DescriptionIn Australia from July 2019 to 30 June 2020, 36 women and 10 men were killed by an intimate partner, and 86 people altogether were victims of domestic homicide (Australian Institute of Health and Welfare, 2023). To memorialise such victims, help those who are suffering from this violence, educate the public, and enact change, women’s groups in countries around the world including Australia have installed purple benches in public spaces that include plaques with contact information for getting help. Some groups hold memorials for victims at these benches. In 2015 in Nova Scotia, Canada, the first purple bench was installed by the daughter of Barbara Baillie whose husband had murdered her 25 years earlier. Across Australia, more than 100 benches are installed. The aim of this research is to understand how the benches work to achieve the goals of memorialising the dead, assisting the living, educating the public, and enacting change. The research builds upon Goodnow’s (2021) proposed theory of collective mourning, which relies on Aristotle’s epideictic and deliberative rhetoric. Research consists of a content analysis of Australian news reports about the benches and interviews with women’s groups and government members involved with installing the benches and attending memorials.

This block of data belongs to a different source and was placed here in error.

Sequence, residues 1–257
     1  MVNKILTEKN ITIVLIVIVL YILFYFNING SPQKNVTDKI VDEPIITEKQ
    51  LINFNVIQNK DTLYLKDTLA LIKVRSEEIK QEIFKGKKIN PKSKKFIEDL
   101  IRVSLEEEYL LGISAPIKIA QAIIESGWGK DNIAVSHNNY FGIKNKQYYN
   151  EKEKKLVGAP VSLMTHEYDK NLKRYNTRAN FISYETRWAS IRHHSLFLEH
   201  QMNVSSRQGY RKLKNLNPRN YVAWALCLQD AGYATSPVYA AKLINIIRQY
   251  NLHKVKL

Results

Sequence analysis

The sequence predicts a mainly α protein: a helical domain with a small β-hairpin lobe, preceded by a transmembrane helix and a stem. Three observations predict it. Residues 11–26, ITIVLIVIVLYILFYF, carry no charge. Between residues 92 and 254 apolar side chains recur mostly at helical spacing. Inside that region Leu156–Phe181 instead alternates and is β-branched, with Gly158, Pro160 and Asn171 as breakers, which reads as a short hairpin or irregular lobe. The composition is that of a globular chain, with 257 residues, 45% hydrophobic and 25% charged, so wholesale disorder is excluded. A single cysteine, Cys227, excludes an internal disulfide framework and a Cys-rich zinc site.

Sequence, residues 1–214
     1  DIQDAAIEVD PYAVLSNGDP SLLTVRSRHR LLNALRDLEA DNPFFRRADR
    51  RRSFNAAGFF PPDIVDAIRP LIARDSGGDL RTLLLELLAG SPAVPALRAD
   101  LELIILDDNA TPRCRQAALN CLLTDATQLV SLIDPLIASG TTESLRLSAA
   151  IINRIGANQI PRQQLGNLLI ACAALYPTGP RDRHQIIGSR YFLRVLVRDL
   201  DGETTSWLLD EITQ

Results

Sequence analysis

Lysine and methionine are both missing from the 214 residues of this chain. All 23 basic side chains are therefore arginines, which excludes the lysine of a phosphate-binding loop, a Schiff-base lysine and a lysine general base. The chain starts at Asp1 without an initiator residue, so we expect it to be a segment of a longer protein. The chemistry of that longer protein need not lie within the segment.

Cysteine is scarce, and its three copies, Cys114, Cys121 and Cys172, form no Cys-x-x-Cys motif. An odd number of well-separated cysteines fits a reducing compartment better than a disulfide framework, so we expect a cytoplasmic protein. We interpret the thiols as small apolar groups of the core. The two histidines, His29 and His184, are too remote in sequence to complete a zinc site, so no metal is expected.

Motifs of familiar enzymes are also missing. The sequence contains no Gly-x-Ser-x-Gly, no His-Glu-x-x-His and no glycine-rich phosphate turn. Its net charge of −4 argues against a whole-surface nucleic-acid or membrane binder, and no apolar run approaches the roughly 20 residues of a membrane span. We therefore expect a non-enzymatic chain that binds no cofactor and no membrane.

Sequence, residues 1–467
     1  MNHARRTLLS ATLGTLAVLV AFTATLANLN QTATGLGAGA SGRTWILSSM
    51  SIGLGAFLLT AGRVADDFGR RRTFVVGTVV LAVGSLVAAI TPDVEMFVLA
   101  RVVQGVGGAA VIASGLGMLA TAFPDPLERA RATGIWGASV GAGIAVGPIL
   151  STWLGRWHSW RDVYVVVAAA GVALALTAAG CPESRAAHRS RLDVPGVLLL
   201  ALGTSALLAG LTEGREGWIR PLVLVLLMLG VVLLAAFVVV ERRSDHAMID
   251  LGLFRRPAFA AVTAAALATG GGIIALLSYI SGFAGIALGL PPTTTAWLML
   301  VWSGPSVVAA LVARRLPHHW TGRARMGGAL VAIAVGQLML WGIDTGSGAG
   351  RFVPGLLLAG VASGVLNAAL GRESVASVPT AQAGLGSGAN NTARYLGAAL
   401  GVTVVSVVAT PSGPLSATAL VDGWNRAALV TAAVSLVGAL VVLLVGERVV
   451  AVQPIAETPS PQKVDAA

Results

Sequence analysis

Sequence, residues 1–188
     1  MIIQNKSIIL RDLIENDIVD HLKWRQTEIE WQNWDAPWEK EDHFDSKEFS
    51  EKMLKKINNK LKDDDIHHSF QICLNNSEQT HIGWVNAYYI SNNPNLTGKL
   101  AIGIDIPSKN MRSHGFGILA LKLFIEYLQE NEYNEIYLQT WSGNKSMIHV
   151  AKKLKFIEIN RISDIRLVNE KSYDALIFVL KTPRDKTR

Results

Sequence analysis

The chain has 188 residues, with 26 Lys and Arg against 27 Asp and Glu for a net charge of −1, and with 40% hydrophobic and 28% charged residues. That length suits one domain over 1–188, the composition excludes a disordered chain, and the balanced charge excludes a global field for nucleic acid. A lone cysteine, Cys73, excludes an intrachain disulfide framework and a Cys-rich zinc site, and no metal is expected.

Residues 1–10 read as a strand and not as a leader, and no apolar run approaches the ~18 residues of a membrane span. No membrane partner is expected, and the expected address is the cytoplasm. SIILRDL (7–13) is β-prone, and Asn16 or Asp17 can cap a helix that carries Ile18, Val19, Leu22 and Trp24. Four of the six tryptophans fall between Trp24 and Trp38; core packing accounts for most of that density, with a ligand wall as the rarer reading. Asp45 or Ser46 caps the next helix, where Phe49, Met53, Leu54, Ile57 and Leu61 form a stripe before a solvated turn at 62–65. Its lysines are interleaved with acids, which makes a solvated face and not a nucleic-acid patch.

|23 Nov 2023
|Australia and New Zealand Communication Association (ANZCA) Conference 2023: Ka mua, ka muri: Bridging Communication Pasts and Futures
|Wellington, New Zealand
|Degree of Recognition